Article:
The non-legislative improvements/changes that I would recommend are as follows: new efforts and new forums are required not just in Oklahoma but in other parts of the world as well for the germination of new ideas, broad-based coalition politics that transcends organizational divides, and gives women the space and leeway to make important political decisions.
The most effective way to make a gender perspective viable in Oklahoman society would be for women, state as well as non-state actors, to pursue the task of not just incorporating and improving the positions of their organizations within civil society, but also by forging connections between their agendas and strategies for civic/voter engagement and reconstruction of society with the strategies and agendas of other sections of the populace impacted by the lack of voter engagement.
It is imperative that women actors, in collaboration with other civil society actors, focus on the rebuilding of a greatly polarized and fragmented social fabric to ensure the redress of inadequate political participation, reconstruction of the infrastructure and productive capacity of Oklahoma, and resumption of access to basic social services. It is imperative that the state government recognizes the worth of the peace-building work that women’s organizations can contribute at the local and regional levels.
Women in Oklahoma have had a hard lot, even those who have been visible in the public arena. Researching my own family’s story, I have found that women in my native state of Kashmir, similar to women in my adopted state of Oklahoma, are conditioned to wipe away their footprints and end up leaving very few traces of their work. Women in civic associations and in government can strengthen a pluralistic democracy.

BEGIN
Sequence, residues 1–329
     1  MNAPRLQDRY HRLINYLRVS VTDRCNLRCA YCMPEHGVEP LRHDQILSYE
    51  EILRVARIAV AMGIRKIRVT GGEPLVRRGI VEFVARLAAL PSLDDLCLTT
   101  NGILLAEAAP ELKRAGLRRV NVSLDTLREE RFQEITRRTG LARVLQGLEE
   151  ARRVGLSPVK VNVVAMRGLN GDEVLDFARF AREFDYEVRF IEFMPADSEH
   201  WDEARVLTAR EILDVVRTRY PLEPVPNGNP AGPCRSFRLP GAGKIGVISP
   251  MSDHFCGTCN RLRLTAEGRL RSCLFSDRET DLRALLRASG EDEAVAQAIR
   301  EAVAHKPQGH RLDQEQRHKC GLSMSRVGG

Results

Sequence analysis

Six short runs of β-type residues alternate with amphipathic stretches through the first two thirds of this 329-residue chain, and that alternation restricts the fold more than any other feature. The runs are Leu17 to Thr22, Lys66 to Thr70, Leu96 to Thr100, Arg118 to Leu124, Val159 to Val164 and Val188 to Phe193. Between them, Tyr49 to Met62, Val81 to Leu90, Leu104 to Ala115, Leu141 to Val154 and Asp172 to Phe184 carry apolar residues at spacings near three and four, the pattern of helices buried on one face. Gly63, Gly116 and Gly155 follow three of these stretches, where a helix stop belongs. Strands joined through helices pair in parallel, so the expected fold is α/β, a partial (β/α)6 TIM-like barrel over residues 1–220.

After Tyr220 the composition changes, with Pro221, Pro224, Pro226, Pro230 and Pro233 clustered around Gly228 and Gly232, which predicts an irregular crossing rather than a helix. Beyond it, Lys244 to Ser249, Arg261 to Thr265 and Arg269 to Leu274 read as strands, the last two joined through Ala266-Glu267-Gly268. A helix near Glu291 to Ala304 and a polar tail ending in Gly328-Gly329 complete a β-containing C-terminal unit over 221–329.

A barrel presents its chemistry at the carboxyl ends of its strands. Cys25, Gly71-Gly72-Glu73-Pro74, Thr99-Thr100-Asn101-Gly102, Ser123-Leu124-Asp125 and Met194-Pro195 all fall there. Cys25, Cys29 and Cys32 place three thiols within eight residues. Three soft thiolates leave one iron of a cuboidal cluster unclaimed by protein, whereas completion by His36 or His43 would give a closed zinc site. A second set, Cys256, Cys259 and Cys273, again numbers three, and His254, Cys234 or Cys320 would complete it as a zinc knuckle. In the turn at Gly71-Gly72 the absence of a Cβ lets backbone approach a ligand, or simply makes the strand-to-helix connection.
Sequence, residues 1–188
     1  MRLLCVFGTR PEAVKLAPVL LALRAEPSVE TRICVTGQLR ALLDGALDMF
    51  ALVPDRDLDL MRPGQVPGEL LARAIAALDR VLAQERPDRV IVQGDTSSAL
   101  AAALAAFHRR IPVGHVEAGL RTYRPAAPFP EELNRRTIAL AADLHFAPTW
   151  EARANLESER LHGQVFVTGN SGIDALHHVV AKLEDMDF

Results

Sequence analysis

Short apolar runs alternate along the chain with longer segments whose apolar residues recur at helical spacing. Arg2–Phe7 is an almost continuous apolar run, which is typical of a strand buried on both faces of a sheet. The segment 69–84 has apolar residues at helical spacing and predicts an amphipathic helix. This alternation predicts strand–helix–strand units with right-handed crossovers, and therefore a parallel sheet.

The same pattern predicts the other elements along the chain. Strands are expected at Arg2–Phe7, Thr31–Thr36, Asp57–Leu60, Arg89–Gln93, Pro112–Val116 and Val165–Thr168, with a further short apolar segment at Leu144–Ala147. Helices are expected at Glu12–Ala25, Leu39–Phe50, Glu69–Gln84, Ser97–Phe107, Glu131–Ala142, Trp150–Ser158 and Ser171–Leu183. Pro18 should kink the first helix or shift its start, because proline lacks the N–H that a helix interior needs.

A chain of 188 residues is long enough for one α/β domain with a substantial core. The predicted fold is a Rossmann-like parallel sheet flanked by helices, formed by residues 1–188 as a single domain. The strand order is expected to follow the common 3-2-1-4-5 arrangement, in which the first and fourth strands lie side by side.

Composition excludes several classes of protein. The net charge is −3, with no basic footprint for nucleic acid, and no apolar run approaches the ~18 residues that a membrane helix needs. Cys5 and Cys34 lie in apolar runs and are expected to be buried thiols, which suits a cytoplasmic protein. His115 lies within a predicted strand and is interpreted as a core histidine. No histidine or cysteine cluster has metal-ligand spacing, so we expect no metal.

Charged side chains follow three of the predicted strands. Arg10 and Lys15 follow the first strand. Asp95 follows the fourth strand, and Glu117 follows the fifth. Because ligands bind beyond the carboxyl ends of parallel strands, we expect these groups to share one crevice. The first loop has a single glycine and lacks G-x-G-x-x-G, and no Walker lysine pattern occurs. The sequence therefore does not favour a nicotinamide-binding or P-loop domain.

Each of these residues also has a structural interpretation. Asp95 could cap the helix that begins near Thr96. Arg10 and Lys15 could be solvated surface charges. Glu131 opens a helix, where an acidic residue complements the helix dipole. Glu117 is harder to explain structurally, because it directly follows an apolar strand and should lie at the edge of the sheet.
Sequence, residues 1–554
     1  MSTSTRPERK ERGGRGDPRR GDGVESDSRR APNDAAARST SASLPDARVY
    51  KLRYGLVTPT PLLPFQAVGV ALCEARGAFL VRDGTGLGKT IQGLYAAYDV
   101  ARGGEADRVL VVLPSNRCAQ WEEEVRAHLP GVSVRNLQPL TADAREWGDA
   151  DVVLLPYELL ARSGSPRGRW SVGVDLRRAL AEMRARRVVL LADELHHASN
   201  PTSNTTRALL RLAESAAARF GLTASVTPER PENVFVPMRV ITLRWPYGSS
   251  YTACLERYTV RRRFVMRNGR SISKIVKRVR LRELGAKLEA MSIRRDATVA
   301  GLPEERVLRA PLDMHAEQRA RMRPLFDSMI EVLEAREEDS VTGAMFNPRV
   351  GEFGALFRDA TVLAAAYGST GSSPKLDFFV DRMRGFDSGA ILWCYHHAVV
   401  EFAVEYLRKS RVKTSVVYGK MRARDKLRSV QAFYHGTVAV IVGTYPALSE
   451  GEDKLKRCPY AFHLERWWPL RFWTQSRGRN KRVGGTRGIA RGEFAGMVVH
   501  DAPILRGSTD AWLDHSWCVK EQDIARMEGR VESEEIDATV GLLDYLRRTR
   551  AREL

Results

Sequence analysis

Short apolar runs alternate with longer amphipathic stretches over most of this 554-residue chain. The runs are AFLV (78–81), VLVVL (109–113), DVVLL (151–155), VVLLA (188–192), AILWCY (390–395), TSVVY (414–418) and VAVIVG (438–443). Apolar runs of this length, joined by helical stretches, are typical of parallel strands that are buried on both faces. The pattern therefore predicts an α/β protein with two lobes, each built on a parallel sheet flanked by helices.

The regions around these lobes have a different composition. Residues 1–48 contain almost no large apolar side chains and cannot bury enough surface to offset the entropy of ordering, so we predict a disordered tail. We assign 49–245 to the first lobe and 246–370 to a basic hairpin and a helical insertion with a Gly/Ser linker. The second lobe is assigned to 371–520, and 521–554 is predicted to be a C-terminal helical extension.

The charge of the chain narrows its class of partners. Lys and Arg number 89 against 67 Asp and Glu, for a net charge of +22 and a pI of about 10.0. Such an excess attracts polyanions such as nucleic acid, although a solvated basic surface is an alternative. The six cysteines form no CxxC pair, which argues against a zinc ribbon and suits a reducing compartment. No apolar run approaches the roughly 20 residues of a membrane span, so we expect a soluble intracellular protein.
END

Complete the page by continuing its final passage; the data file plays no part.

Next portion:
The best way to put the state’s house in order is by further developing responsive and pluralistic democratic government. Building on the earlier gains, a pluralistic government can now ensure further economic, social, and educational gains for women and marginalized groups.
The first step is for local government to assure basic equality. Women still get paid less than men in every state and industry in the United States. Women citizens should be accorded equal rights with men in all fields of national life – economic, cultural, political, and in government services. Women should have the right to work in every line of employment for terms and wages equal to those for men. Women would be assured of equality with men in education, social insurance and job conditions. The law should protect mothers and children, but not use motherhood as an excuse to hamstring women.
Not just in Oklahoma, but in many parts of the world, women can play an important role in establishing a more inclusive democracy and new forums for citizen cooperation. Women offer new ideas, build broad-based political coalitions, and work to bridge organizational divides.
Women active in politics must aim not just to improve the position of their particular organizations, but also to forge connections across differences to rebuild a society that is racially/ethnically/religiously diverse.
Nyla Ali Khan is a faculty member at the University of Oklahoma and a member of the Scholars Strategy Network. She is the author of The Fiction of Nationality in an Era of Transnationalism [Routledge, 2005]; Islam, Women, and Violence in Kashmir: Between India and Pakistan [Palgrave Macmillan, 2010]; Parchment of Kashmir: History, Society, and Polity [Palgrave Macmillan, 2012], and The Life of a Kashmiri Woman: Dialectic of Resistance and Accommodation.